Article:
Babies seem to react best to certain sounds (dubbed "happy sounds" by a research team). Scientists are starting to figure out exactly why these sounds are so alluring to infants.
According to a new study, babies are attracted to “happy” noises, whether these are songs or words. This is the finding from a report written for the journal Frontiers in Psychology. In preference tests, babies seemed more interested in happy-sounding “baby talk” than hummed songs.
To measure this, through experiments, each sound, either a song or speech pattern, was linked to a computer monitor showing a carousel. According to Science News, when a baby looked at a particular monitor for a long time, researchers assumed the baby preferred that associated sound.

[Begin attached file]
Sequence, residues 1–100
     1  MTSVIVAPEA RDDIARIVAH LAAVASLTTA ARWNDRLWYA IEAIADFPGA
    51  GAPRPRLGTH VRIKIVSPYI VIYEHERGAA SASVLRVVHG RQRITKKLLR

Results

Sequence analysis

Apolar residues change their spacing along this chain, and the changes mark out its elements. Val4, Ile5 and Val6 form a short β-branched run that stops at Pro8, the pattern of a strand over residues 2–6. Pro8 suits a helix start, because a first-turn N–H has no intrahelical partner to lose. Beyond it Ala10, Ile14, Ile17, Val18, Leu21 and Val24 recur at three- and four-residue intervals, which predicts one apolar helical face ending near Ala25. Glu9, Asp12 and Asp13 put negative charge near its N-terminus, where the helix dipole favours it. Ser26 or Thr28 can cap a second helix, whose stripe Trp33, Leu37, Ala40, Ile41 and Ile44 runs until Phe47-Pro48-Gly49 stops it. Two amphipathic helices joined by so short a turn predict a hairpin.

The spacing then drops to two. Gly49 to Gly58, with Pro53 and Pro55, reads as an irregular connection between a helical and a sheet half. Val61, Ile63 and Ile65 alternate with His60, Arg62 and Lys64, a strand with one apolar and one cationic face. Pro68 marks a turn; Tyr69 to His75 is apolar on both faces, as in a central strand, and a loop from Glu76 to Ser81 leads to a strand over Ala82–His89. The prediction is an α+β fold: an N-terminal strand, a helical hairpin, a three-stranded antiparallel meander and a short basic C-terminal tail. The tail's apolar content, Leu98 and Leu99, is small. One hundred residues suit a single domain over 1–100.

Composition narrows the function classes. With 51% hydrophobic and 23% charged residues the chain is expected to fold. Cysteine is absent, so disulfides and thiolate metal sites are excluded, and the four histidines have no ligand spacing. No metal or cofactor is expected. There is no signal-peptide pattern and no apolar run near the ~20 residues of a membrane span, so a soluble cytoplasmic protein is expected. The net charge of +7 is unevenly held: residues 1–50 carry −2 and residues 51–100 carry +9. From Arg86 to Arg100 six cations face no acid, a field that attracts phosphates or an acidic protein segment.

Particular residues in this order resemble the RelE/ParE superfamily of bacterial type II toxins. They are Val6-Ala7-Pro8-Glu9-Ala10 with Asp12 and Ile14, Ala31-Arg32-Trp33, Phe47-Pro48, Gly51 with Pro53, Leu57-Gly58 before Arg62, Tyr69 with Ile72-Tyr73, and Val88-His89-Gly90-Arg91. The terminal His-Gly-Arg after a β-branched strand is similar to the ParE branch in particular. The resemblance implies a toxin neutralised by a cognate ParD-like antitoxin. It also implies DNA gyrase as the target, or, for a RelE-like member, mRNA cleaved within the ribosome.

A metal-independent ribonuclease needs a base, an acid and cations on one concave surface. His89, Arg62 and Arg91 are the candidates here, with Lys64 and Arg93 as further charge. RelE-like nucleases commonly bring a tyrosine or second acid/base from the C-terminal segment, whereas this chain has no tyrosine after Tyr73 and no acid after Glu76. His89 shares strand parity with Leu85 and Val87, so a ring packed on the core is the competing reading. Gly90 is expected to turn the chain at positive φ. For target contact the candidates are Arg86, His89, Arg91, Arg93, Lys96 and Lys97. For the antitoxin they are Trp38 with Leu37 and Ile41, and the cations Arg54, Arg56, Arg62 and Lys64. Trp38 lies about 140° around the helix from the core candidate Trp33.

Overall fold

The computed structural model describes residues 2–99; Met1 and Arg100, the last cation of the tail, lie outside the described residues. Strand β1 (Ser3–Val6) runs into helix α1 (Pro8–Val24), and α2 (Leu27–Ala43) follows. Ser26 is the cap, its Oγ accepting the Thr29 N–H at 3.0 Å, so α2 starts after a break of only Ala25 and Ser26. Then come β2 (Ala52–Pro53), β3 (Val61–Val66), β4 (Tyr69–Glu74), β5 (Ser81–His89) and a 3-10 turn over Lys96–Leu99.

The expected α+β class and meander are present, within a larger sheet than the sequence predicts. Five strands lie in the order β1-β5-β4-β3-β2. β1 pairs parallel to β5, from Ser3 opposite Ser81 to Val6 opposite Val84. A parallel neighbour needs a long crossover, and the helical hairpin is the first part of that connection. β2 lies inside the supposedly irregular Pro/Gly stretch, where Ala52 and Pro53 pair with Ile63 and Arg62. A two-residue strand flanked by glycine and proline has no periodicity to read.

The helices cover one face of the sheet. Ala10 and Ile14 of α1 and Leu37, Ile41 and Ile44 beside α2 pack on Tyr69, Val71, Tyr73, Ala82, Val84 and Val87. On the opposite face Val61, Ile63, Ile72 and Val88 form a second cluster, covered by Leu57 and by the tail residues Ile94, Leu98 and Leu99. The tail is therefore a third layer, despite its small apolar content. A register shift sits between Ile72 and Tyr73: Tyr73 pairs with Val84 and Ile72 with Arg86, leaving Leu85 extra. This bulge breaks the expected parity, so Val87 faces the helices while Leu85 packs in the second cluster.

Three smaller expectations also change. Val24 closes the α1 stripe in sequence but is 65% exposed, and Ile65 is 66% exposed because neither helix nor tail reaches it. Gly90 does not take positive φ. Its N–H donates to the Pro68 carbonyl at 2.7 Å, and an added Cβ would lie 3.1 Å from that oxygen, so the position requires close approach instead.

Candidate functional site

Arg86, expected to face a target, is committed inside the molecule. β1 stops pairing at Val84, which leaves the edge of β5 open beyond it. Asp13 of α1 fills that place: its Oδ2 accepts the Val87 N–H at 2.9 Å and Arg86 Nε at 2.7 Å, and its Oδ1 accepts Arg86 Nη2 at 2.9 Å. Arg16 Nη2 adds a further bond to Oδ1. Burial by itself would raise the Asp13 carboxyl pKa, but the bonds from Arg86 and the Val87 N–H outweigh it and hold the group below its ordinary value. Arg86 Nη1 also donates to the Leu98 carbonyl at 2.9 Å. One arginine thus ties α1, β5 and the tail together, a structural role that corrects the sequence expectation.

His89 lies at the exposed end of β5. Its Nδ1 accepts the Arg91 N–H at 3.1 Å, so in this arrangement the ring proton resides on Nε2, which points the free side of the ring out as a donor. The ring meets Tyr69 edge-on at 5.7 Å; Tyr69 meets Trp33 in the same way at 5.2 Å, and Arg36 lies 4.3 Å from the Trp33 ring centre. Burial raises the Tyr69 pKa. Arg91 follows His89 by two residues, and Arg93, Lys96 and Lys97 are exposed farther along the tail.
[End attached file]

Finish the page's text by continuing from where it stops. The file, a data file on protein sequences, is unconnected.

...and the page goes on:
In a second experiment , the babies did not seem to mind whether song lyrics were sung happily or spoken happily. The cheery delivery was all that seemed to matter when the reactions of the babies were examined.
The inference was that young babies may not be able to distinguish between songs and speech, as long as the noises are happy. Overall, it was shown that a happy voice quality rather than vocal mode (speech or singing) was the principal contributor to infant attention.
The title of the research paper is “Speech vs. singing: infants choose happier sounds.” The finding is part of a body of work examining how babies communicate.